Tarps, are yours pre-rigged with guylines or not?


Nov 29, 2004
Do you leave guy lines on your tarps or do you add the lines as needed? Do you use guy line runners to tension them or do you rely on knots?
Knots for tensioning, mini karabiners for attachment to the tarp, these are hanked and stored in a ditty bag for travel. If the wind is up when I'm putting up a tarp I find that permanently attached cords will unravel and tangle while the tarp is flapping around during set up, karabiners just make things a little faster and easier.


Bushcrafter (boy, I've got a lot to say!)
Feb 22, 2006
Got a pic of mine today :)

EDIT: I completely failed to read the the title properly :eek:. Yes I leave my guys on the loops with lark's heads, hank them up when I pack away.

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Full Member
Aug 18, 2005
I been using this idea specially on my poncho. "Buckle loop" Works well for me, allows for easy removal of the lines and the three turn adjustable hitch to stay on the line for quick setup and adjustment.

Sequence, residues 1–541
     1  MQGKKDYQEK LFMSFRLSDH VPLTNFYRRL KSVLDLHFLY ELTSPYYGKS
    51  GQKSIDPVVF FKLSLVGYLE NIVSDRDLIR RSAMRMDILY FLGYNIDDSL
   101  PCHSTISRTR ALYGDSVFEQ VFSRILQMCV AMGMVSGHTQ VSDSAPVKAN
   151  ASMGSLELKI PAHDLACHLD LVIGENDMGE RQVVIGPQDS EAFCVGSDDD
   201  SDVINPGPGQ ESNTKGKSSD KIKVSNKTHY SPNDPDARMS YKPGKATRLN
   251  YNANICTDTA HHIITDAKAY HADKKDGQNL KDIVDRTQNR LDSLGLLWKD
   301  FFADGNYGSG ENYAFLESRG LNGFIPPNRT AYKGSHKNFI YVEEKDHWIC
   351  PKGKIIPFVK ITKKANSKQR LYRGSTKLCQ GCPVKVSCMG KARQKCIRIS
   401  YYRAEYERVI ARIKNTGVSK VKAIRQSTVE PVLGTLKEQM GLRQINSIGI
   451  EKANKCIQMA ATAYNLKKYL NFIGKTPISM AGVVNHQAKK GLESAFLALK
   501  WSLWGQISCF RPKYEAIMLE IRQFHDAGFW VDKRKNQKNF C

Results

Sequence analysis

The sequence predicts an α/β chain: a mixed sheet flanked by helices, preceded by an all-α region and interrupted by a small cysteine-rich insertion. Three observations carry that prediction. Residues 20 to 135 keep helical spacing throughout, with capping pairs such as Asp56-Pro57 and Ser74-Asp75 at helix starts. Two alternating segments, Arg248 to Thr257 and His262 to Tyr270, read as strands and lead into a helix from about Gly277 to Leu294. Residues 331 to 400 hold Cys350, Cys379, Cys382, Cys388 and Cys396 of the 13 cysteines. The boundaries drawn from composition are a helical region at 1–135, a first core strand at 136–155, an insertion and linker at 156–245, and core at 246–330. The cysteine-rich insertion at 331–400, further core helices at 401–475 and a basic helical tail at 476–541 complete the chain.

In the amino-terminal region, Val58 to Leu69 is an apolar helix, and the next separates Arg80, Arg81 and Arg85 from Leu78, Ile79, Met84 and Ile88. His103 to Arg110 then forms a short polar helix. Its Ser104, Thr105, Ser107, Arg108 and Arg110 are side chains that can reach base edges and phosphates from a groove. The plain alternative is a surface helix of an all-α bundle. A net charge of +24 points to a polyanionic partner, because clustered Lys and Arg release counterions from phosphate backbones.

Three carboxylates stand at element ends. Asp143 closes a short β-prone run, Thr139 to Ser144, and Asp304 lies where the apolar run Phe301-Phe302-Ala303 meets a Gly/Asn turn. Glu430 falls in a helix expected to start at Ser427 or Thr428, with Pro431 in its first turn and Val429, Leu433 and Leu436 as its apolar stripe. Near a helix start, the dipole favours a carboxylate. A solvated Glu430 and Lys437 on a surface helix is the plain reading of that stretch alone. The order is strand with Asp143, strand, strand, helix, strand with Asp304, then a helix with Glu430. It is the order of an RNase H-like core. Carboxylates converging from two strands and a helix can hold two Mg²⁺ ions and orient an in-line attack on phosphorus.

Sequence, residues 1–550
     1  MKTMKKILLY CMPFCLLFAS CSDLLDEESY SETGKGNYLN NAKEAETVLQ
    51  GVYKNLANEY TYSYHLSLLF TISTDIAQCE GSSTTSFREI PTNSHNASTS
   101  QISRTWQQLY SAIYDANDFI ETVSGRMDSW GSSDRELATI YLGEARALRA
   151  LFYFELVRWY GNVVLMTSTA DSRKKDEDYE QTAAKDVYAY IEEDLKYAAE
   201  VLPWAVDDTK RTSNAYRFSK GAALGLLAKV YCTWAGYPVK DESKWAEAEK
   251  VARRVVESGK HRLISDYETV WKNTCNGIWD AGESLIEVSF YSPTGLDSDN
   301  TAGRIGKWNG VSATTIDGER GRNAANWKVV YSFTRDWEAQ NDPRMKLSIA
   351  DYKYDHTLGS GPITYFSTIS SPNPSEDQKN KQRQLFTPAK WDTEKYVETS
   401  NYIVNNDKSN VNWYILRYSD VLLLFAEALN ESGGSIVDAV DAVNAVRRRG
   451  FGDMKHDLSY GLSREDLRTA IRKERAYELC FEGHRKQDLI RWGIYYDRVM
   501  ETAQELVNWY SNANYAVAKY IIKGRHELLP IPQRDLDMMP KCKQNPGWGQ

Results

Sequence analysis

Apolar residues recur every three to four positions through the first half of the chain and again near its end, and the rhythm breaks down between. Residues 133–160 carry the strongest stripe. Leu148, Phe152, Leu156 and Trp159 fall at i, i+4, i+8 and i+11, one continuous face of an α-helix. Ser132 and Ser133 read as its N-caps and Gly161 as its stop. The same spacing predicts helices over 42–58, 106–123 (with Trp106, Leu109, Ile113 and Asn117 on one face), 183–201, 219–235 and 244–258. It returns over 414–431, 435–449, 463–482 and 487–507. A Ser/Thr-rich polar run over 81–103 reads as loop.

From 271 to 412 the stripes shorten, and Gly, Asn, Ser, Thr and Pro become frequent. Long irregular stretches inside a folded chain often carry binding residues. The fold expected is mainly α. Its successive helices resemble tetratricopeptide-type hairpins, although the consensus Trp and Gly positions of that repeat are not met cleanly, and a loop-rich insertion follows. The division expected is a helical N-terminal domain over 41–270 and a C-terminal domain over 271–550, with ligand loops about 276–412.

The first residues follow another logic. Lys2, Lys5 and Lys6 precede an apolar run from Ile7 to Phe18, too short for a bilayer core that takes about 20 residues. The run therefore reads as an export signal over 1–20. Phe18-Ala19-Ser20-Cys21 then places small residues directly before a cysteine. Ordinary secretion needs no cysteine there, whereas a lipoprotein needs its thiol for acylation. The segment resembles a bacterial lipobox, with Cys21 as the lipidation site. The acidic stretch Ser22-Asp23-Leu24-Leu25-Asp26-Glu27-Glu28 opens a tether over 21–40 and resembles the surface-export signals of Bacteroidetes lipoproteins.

Also useful if you want to use other eyelets on a tarp that don't already have cord inplace but also remove them quickly to save the tangles. I tend to just stuff my tarp in a pouch on my ruck, can't be asked to fold it all up as the thing is soo big.

Obviously a carabiner does the same job but if you already have some line lying around its easy to knock up 4 or 6 for very little £££. I just remove lines as needed, hank and stash in a small bag. you can also keep a couple of longer lines for when they just don't reach where you want and quickly swap them.



Bushcrafter (boy, I've got a lot to say!)
Jan 15, 2010
All my stakes are captive on the guy lines so the stakes can't get lost.

When I used Clamcleats on the guys, they used to tangle in the wind if attached to the tarp. If the lines have no knots or hardwear on them, they will not tangle with decent line and I would keep them attached.


Full Member
Aug 25, 2011
My current set up, Pre-rigged

5mm shock-cord tarp tensioners and mitten clips (seem strong enough so far)

fixed eyes on the lines, larks footed onto the tarp rings.



Full Member
May 31, 2008
I have a loop tied in my guy-line, then larks headed around the D ring, at the other end, I use a marlin spike hitch straight to the peg.

To keep my guy-lines tidy, i have a thin pice of shock cord, with a line lock. When the line is hanked up, i just pass it through the shock cord loop and cinch it up.